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Talks 02 - with Mona Osterkamp & her music playlist.

The second one in our talks series - Mona Osterkamp, also known as the "Wizard of Gifs". Art Director of Berlin-based jewellery brand Jukserei & a graphic designer in one person. With tracks that Mona is listening to while cycling through the busy streets of Berlin. If you ever wondered what kind of music an Art Director with impeccable taste would listen to in the past month, then this is it.

How did your love story with Berlin start?

Mona Osterkamp: Purely by chance. After living in Hamburg for many years, with 6 marvellous months in Copenhagen in between, I decided it was time for a change. I applied for jobs all over Europe and spontaneously got one in Berlin. At first, I wasn’t too keen about moving to Berlin–I never really understood the hype–and it took me around a year to truly feel at home here. At the moment I can’t really picture myself in any other city though, at least not in Germany (I still have this vague dream of living in Paris, Marseille or New York one day, if only for a few months). But I really enjoy living in a city like Berlin, buzzing with life and culture, that offers so many possibilities and freedom. At the same time, it can also be quite tough sometimes. I would call it an ongoing love-hate relationship.

Tom àdam: What’s your morning routine?

Mona: As a true Pisces, I need a lot of sleep. Meaning I usually don’t have a lot of time in the morning, at least during the week. I get up, get ready, have a sip of juice (currently orange-carrot-ginger, you gotta stay healthy) and hop on my bike to go to work where I most often have breakfast since we get a delicious bread delivery from Albatross Bakery every week. On the weekends I take a lot more time: staying in my pyjama all morning, having breakfast on the sofa and preferably reading a few pages in my cozy new armchair before getting ready to start the day.

Tom àdam: What’s on your reading list at the moment?

Mona: Walk Through Walls by Marina Abramovic. I didn’t know too much about her before and am also not a huge performance art fan but I came across an interview with her in a podcast and got immediately fascinated. The book is an honest and captivating look into her life: from her upbringing in Serbia, her work over the years to her personal relationships which are deeply connected to her art. It gives you a good and meaningful insight into her approach to art, pain and spirituality. Next up, I would like to read another book by Patti Smith. I binge-read Just Kids earlier this summer and genuinely loved it.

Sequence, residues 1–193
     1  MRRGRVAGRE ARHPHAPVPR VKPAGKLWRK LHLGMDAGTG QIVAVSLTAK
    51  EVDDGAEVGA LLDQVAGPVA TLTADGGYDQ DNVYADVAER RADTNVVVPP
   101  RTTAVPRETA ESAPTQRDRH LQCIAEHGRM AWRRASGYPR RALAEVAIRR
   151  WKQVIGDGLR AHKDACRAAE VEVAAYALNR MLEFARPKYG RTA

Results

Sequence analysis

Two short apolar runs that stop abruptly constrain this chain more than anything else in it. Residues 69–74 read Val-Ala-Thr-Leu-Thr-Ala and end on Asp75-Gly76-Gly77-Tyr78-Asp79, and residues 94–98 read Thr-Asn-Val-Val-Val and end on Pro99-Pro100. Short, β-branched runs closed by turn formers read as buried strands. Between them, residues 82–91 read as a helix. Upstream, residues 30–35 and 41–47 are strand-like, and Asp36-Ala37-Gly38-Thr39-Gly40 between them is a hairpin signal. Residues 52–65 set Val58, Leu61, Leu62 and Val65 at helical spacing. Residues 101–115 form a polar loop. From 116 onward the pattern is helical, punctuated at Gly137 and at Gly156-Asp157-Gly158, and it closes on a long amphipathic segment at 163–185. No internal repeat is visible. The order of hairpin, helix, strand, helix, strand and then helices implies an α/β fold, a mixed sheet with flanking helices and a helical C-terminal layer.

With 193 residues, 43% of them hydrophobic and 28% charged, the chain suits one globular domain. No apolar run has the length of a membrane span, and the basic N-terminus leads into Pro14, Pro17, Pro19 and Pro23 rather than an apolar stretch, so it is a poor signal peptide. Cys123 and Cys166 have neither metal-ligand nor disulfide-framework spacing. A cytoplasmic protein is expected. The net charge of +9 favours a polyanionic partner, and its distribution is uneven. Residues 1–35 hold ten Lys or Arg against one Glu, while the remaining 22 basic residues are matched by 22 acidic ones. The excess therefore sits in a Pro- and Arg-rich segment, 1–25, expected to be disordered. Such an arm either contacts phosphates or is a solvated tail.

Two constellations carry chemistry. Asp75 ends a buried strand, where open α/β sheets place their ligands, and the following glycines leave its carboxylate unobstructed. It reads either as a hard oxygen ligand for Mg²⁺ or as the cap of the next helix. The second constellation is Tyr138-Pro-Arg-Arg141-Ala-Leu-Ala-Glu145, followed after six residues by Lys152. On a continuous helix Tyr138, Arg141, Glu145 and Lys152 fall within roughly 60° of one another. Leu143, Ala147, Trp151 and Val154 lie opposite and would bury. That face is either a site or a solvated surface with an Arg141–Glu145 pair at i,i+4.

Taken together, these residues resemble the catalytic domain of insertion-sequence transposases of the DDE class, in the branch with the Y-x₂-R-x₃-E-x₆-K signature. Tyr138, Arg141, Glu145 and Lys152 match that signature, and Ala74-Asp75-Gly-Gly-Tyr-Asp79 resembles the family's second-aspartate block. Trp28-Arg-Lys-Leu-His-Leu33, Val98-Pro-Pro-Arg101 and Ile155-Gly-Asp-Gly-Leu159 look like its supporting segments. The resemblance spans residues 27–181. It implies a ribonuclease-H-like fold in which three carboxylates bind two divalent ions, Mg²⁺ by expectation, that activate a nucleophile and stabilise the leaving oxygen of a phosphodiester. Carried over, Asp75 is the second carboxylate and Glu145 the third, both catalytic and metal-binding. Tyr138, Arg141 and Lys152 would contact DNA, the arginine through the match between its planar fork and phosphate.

"On the weekends I take a lot more time: staying in my pyjama all morning, having breakfast on the sofa and preferably reading a few pages in my cozy new armchair before getting ready to start the day."

Tom àdam: How important to you are the clothes that you wear?

Mona: To me, fashion is about belonging. The clothes I wear should emphasize who I am, how I define myself or rather express who I want to be. Whether it is related to a certain (sub) culture, personal values or simply a representation of taste or lifestyle in that current time. The right clothes also help me to feel confident and comfortable in my own skin. Of course, it’s not only a matter of clothes but it can play a part.

Tom àdam: How did you come across shooting on film??

Mona: At first, it started mostly as a fun way to capture moments with friends. I often bought disposable cameras and took pictures of certain events. I was always drawn to photography but quickly realized during my studies, that I had no interest and endurance to become a professional photographer. So when I got my first analog camera (a birthday present by my boyfriend at that time), I slowly started getting more into it again. Film allows me to focus on a certain moment, light, colors, a gesture–it’s about capturing an atmosphere. And as often in life: sometimes it works, sometimes it doesn’t. But I’m usually amazed at how well most images turn out. There’s just certain magic when you shoot on film.

Tom àdam: How important is creative freedom in your work?

Mona: Highly important. As a designer, your job is to find individual ways to visualize or express things creatively but of course, there are many ways to get there and do so. Creative freedom means to me that the other person trusts and values my work but it doesn’t mean that there’s no room for input. Being able to exchange and discuss ideas in a respectful manner is equally important for me.

Tom àdam: If you have to choose one typeface that would be you. What’s your pick and why?

Mona: That’s a tough one. There’s always typefaces that you like more than others or that you’re using frequently at a time, even though I always try to discover something new. I can’t really pick one specifically that loudly screams Mona but I’d say in general, it might be a contemporary Serif with some soft details.

Tom àdam: What comes to your mind when you see and wear tom ádam?

Mona: Sophisticated leisureliness and nonchalance with a good conscience.


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